Planning Your Fresh Start: Step 5


Well folks, we’ve reached the end of our “Next Normal Fresh Start” journey together.  I’ve taken you as far as I can.  Now it’s up to you.

Whether we like to admit it to ourselves or not — we have much more control over how our days, weeks, months, and years unfold than we imagine.

It’s just that we get stuck in certain ways of thinking, and we don’t or can’t see the possibilities in front of us. We don’t even realize that our island is surrounded by dry land, not water.

So we continue to let outside circumstances and other people plan our time for us. Until we end up shouting “stop the world, I want to get off.”

We allow what’s urgent but unimportant — or worse, what’s neither urgent nor important — to take over every nook and cranny in our schedule. (If you don’t recognize those references to the Eisenhower Matrix, there are great explanations here and here).

But then a global pandemic comes along and maybe gives us a glimpse of how things could be different. Shows us what we didn’t know we were missing.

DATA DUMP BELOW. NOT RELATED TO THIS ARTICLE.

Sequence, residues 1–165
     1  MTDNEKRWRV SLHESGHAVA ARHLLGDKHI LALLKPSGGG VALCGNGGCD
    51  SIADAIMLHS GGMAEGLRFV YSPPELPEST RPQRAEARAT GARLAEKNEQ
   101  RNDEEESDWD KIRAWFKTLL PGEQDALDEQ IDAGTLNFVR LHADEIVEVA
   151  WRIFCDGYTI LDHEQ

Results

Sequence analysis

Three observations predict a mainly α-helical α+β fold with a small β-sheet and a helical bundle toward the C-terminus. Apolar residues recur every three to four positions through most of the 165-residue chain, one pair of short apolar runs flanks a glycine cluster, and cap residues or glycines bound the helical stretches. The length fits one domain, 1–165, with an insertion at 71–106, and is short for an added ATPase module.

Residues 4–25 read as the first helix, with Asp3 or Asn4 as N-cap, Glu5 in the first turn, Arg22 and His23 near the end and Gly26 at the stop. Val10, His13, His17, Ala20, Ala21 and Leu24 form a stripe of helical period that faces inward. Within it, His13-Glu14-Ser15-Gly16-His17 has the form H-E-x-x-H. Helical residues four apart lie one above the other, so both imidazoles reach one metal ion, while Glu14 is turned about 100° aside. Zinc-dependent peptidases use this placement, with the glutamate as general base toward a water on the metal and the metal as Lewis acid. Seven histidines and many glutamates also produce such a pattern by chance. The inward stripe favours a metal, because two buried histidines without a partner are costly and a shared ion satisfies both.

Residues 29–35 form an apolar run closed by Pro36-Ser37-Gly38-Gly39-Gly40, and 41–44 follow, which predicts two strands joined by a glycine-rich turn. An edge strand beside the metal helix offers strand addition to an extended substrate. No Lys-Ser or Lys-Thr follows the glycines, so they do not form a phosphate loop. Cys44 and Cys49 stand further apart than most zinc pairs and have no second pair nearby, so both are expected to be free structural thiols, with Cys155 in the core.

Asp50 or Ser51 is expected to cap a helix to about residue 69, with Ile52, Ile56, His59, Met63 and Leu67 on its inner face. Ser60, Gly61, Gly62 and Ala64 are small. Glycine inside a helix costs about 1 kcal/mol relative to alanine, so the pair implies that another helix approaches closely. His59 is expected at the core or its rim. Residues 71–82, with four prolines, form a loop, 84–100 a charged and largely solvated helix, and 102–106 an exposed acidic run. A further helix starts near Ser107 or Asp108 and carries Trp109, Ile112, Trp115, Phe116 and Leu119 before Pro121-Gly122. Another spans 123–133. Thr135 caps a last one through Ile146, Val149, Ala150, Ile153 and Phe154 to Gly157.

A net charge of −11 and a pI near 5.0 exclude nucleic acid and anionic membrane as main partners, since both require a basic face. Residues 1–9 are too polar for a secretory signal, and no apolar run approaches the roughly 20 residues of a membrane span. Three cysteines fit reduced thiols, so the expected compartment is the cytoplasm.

To make your Next Normal Fresh Start happen, you need to be deliberate about what you say “yes” to. You need to keep your nonnegotiables top of mind and enforce your bright-line rules.

Whenever you start to add things to your calendar or do things a certain way, you need to ask yourself:

Will this help me realize my “fresh start” future, or will it cause me to slide back into the patterns I want to leave behind?

Or maybe these even simpler questions:

Do I actually need to be doing this? Is it keeping me from doing something better?

If you want to hear an inspiring example of a life shaped by bright-line rules, I encourage you to fast-forward this video to ~34:48 and watch until ~38:49. Clayton Christensen was a Harvard Business School professor and sought-after business consultant; he developed the theory of “disruptive innovation.” He also was a deeply observant Mormon. In that short segment of this talk, he offers a personal example of how he handled the problem of “urgent” emergent initiatives conflicting with “important” intended strategy early in his career. Listen for his nonnegotiables and the associated bright-line rules. (His speech is a bit halting because he was recovering from an ischemic stroke.)

After listening to Dr. Christensen’s story, you may think, “I couldn’t do that. That would never work for me!” To which I can only respond, “Is that really true?”

Be brave, fellow travelers. Your next normal is waiting for you.


By Cynthia Knapp Dlugosz

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